I was curious just how much duplication there was, so this afternoon I sat down and figured it out. I grabbed a copy of the Top 200 iPhone Paid Apps list at around 2:30pm, and categorized them all. The list is always changing (these days, it seems to update at least every 5 min), and there's no one correct way to make the categorization (you could lump or split more). I grouped all games and game-like entertainment apps (Pocket God and the like) together. A categorization of games might be interesting and they are a huge part of the app marketplace, but I don't understand them well enough to know which might be groupable. With those caveats, the answer is:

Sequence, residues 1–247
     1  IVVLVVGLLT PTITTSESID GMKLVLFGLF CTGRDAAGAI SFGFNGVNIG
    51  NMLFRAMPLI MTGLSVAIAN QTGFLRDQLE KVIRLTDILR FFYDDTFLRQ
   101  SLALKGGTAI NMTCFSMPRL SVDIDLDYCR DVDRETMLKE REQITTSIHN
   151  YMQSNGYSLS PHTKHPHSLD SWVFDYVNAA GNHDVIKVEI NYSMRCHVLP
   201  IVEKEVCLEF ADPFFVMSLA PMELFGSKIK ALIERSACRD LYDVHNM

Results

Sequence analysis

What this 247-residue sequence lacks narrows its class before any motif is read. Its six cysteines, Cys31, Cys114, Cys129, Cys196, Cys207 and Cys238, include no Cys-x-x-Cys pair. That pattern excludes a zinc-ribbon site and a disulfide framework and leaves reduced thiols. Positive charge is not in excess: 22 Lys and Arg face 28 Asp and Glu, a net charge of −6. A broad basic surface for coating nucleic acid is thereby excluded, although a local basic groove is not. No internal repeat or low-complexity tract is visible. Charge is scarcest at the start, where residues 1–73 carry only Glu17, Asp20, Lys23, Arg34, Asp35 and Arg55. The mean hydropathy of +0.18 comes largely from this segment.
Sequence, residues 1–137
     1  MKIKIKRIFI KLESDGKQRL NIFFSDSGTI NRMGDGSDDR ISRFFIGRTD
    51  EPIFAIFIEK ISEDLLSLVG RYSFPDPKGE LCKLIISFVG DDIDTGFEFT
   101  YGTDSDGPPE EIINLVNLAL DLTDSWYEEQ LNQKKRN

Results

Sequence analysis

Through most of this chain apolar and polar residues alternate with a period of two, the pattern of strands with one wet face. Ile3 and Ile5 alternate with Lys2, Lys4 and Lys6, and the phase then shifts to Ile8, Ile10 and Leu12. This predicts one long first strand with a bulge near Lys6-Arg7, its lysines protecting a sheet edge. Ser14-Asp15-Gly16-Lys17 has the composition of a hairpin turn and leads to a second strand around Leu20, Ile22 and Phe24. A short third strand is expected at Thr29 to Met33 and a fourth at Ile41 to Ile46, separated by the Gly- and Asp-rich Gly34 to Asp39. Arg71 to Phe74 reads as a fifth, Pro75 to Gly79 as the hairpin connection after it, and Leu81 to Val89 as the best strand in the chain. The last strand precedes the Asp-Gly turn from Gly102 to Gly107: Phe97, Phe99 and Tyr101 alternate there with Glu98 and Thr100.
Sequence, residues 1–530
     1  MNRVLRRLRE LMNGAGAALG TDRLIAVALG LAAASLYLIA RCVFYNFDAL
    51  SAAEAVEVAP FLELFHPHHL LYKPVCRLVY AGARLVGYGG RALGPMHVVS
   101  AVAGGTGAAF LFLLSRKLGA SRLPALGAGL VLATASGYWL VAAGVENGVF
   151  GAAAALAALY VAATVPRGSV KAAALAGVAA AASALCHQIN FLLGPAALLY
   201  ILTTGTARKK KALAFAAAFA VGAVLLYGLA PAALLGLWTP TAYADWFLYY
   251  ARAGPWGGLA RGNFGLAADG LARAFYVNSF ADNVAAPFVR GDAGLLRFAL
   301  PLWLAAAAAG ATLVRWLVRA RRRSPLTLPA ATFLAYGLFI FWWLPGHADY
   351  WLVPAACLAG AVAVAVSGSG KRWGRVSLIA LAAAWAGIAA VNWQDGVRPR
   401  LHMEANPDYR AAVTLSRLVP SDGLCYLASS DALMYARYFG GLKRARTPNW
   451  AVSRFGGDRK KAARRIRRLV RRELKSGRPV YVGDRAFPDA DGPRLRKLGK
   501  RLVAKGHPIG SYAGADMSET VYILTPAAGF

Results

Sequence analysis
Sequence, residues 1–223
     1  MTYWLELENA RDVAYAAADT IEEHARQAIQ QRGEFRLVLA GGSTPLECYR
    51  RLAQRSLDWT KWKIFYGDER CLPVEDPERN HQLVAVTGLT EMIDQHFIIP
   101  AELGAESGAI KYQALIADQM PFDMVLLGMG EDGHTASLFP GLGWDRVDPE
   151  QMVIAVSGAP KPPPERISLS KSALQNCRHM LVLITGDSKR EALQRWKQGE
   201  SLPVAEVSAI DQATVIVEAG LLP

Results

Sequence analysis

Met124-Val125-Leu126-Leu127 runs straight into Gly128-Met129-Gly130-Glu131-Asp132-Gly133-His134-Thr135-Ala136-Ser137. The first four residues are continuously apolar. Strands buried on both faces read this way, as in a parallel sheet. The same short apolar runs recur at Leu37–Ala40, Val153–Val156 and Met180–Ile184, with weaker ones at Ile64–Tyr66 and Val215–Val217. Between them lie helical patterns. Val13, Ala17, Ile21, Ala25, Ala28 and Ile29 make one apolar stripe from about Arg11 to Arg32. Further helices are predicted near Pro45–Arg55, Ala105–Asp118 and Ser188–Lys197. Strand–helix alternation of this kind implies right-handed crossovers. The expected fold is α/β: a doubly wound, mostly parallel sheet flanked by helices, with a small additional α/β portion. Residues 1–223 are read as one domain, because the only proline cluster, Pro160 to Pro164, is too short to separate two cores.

That's even fewer than I expected. Emoji extenders are the most repeated app with 8 implementations. If you're a good icon designer and marketer, it might not be a bad idea to throw your hat in the ring. After that come photo editors (5 apps, including PicFX, Color Splash and iPhoto) and download managers, photo booth apps (Fat Booth and friends), and map replacements with 4 apps each.
One thing that stands about the results is just how popular apps replace or extend a built-in app's functionality. Four map replacements (most do turn-by-turn navigation), 3 camera replacements, 3 clock replacements, 3 weather forecast apps, as well as music downloaders (3) and radio players (1) which are partial Music app replacements. There's good money to be made if you can find a new twist or a way to extend one of the apps that came with your iPhone.
Here's the full table: